James McCrone is the author of the Imogen Trager political suspense-thrillers Faithless Elector and Dark Network.  The third book, Emergency Powers, is coming soon, and he is at work on a fourth book called Bastard Verdict (w/t) .

JMc-author2.2017

Find them through Indybound.org.  They are also available at Amazon, Barnes & Noble, and Powell’s Books.

Link to REVIEWS

If you live in Philadelphia, pick up a copy at Head House Books -or- Penn Book Center or in Princeton at Cloak & Dagger Books.
For a full list of appearances and links to reviews, check out:

JamesMcCrone.com

 

The Death of a Thousand Cuts

What would an accidental president need to do to solidify his grip on power?

Good stories demand verisimilitude. To make them believable, a writer has to imagine them from multiple angles. S/he must “see” as the characters see, and that includes (maybe especially) seeing what it is the bad guys want and why. From there, the writer has to imagine how the conspirators would achieve their goals.

pawn-to-king-WhogovernsWhat would an accidental president need to do to solidify his grip on power? That’s the question I set myself for the new thriller, Emergency Powers, with chillingly real implications. I find my stories once again sailing too close to the wind.

In Emergency Powers, FBI Agent Imogen Trager is haunted and undone by a case she failed to solve. When the president dies in office, she knows that the conspiracy she chased down a blind alley still has life in it–and she needs to get back in the hunt. The accidental president is no accident.

The (not) accidental president will take steps to solidify his grip on power, with deadly results. His party controls both Houses, so impeachment hearings or Senate Judicial hearings are unlikely. But he’ll need a pliant Attorney General to thwart, delay and/or make a mess of certain investigations that might bring the truth to light. Moreover, to guard his flanks, he has to secure the allegiance of the Federal bureaucracy.

It’s dismaying that a number of the key moves I ascribe to the conspirators’ playbook turn out to be exactly the kind of thing the Trump administration enacts, and there are spoilers I’m leaving out which also synchronize with both playbooks. I didn’t set out to write a screed against one party or another, nor to malign any particular politician. I wanted to tell a cracking story that would be thrilling…and plausible.

So how is it that our government consistently acts like the bad guys in my books?

Step one in Emergency Powers, after achieving the presidency, is to remove and replace the Attorney General, who will guard against any investigation getting too close. At the same time, the new administration proposes a number of federal rule changes. It’s immaterial whether the rules actually go into effect. The act of proposing them–and observing the reaction–is meant to help the conspirators sort out who is with them, and who is not.  Then, with that information in hand, they begin dismantling the Office of Personnel Management (OPM) and move on to Step Two.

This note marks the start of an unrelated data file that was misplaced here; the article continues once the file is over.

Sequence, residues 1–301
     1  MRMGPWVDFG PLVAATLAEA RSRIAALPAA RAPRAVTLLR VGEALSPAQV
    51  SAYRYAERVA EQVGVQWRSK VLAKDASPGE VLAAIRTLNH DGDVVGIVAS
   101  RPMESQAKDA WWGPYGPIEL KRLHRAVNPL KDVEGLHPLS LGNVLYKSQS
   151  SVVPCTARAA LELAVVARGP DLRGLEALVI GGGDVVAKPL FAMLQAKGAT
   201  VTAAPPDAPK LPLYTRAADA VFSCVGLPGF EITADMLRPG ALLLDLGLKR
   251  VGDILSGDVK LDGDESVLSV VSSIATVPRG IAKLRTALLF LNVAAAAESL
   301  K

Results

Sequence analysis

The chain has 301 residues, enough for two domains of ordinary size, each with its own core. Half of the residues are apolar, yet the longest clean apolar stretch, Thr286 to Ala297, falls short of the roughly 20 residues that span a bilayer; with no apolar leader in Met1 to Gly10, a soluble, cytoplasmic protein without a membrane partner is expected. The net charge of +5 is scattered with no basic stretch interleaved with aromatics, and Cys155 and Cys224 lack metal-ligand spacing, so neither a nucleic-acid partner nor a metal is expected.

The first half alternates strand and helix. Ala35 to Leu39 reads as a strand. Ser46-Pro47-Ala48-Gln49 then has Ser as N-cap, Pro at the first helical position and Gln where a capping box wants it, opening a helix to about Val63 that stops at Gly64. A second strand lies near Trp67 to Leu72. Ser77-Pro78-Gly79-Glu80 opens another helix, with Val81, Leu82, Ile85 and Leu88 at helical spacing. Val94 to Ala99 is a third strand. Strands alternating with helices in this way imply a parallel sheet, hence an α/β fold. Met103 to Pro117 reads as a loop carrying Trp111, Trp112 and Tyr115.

Screen Shot 2019-07-16 at 11.12.08 AMI had all this in the first draft of Emergency Powers, which I finished in October of 2018. That same month (unbeknownst to me at the time), Jeff Tien Han Pon was asked to resign as Director of OPM. As of this writing, there is still only an acting Director, Margaret Weichart, who is also the Deputy Director of OMB.  Pon’s resignation came as the Trump administration began work to dismantle the Office of Personnel Management and to bring it under the ambit of White House administration, which folds the daily business of the Federal government into one run by political appointees: patronage politics, or a return to the “spoils system.”

February of this year, the Trump administration appointed William Barr as AG after Jeff Sessions proved incapable of shielding the president from attacks. Barr has been doggedly faithful to his president, if not to his office or the American people.Barr-AG

Thriller writers generally work in broad strokes–assassinations, a terrorist plot, a proxy war. A hero thwarts it all at the last moment. Emergency Powers has all that (no spoilers), but it also works on (and maybe gets too right) the little things.  Not only is there an ugly, violent plot, but the conspirators in my books simultaneously attack seemingly mundane institutions and/or procedures in the hope of slipping by unnoticed…until it’s too late to stop them. Or in the case of Emergency Powers, by the time anyone notices, the conspirators will control all levers of power and levels of government meant to check them. Ideally (for them), the truth may never come out.

It’s death (of democracy) by a thousand cuts, and it’s shocking how closely reality and fiction meld.

 

James McCrone is the author of the Imogen Trager political suspense-thrillers Faithless Elector and Dark Network.  The third book, Emergency Powers, is coming soon.

JMc-author2.2017

Find them through Indybound.org.  They are also available at Amazon, Barnes & Noble, and Powell’s Books.

Link to REVIEWS

If you live in Philadelphia, pick up a copy at Head House Books -or- Penn Book Center or in Princeton at Cloak & Dagger Books.
For a full list of appearances and links to reviews, check out:

JamesMcCrone.com